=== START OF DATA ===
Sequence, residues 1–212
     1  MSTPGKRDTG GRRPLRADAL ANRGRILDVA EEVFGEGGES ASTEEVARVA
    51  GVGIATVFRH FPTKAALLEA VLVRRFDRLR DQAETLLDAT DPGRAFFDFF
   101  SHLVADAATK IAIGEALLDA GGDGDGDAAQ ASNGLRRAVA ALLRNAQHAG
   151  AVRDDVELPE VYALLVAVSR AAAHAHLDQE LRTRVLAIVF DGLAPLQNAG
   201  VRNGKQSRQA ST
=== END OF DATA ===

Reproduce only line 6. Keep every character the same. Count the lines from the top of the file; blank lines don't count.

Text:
   201  VRNGKQSRQA ST